County Opening Free Testing Site Today — “Arlington County is opening a no-cost, no-appointment, COVID-19 testing kiosk in the parking lot at Courthouse Plaza in partnership with Curative, which operates two additional sites in the County. The kiosk will be open seven days a week from 12-8 p.m., starting Tuesday, April 13.” [Arlington County]

Fmr. Arlington Waiter Now a Real Estate Kingpin — “In 2013, Heider, then 25, was working at an Italian restaurant in Shirlington when his manager became the assistant to a local real-estate agent. When this agent moved to Washington Fine Properties, Heider’s former manager brought him on to help. As the assistant to the assistant, Heider worked without any base pay, making money only when he brought in referrals. At night, he waited tables at the Crystal City Morton’s.” [Washingtonian]

Kitchen Fire at Pike Apartment BuildingUpdated at 9:10 a.m. — Arlington County firefighters responded to a kitchen fire at the Dominion Towers apartments on Columbia Pike last night. No injuries were reported. [Twitter, Twitter]

Marymount Students Volunteering at Vax Clinic — “Since the start of the spring semester, students in Marymount University’s Nursing program have been using their classroom skills to serve as vaccinators in the fight against the COVID-19 pandemic… [The students] are often on the team of registered nurses and EMS personnel who are on duty for vaccinations at the Lubber Run Community Center in Arlington.” [Marymount University]

YHS Finishes Football Season on Win Streak — “For the Yorktown Patriots, the shortened seven-game high-school football season was like two campaigns. There was the 0-2 beginning when the Patriots lost badly and struggled in all aspects of the game. Then there was the 5-0 finish, when Yorktown was vastly improved in all areas… Yorktown capped its season with a 24-15 victory over the T.C. Williams Titans.” [Sun Gazette]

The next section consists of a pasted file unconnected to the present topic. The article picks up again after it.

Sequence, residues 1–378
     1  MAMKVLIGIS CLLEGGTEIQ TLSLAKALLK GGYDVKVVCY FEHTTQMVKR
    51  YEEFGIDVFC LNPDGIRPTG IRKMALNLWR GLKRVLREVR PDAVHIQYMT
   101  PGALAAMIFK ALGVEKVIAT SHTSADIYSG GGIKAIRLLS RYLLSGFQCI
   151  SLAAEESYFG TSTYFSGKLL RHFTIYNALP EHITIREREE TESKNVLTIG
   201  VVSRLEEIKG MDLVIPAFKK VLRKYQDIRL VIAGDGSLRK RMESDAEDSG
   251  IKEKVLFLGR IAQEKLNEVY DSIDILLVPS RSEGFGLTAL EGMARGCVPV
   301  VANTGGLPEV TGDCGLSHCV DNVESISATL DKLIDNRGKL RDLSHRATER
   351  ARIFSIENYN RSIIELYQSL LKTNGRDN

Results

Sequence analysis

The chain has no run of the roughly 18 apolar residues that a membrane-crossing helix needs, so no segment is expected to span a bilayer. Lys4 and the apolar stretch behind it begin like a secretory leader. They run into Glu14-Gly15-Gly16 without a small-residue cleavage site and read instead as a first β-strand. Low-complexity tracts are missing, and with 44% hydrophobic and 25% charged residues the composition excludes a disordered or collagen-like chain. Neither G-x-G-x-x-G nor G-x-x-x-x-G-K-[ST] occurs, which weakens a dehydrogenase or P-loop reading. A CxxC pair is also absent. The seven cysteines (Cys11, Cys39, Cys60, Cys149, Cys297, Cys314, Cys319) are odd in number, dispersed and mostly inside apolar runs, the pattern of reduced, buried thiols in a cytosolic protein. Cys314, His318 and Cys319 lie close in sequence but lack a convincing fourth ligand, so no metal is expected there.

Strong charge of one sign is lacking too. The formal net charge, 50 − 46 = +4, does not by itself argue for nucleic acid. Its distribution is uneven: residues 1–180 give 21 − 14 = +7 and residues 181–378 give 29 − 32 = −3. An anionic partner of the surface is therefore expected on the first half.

Last Call: Vote in the Spring 2021 Arlies — Today is the last day to vote for your favorite local places, people and organizations in the spring edition of ARLnow’s Arlies awards. [SurveyMonkey]

0 Comments

The stalled plan to redevelop the site of Rappahannock Coffee on Columbia Pike is going back before the Arlington County Board.

Next week, the Board is set to consider a Use Permit Amendment for the already-approved redevelopment of 2400 Columbia Pike. The amendment “would result in the addition of 6,500 square feet of overall density and an increase of 15 residential units with preservation of existing building facades.”

The changes would also add 36 new parking spaces. The proposal is being made by a new developer, as Columbia Pike-based B.M. Smith is apparently no longer in the proverbial driver’s seat of the long-delayed project, which was first proposed in 2013 and approved in 2016.

“A new entity is now pursuing construction of the 2400 Columbia Pike development,” says a staff report to the County Board. “The new applicant believes the proposed enhancements to the development program are responsive to current market conditions and will facilitate swifter implementation of the project. The design changes, when considered individually may have triggered an administrative change or a minor use permit amendment, but when considered collectively, have been determined to be a major use permit amendment.”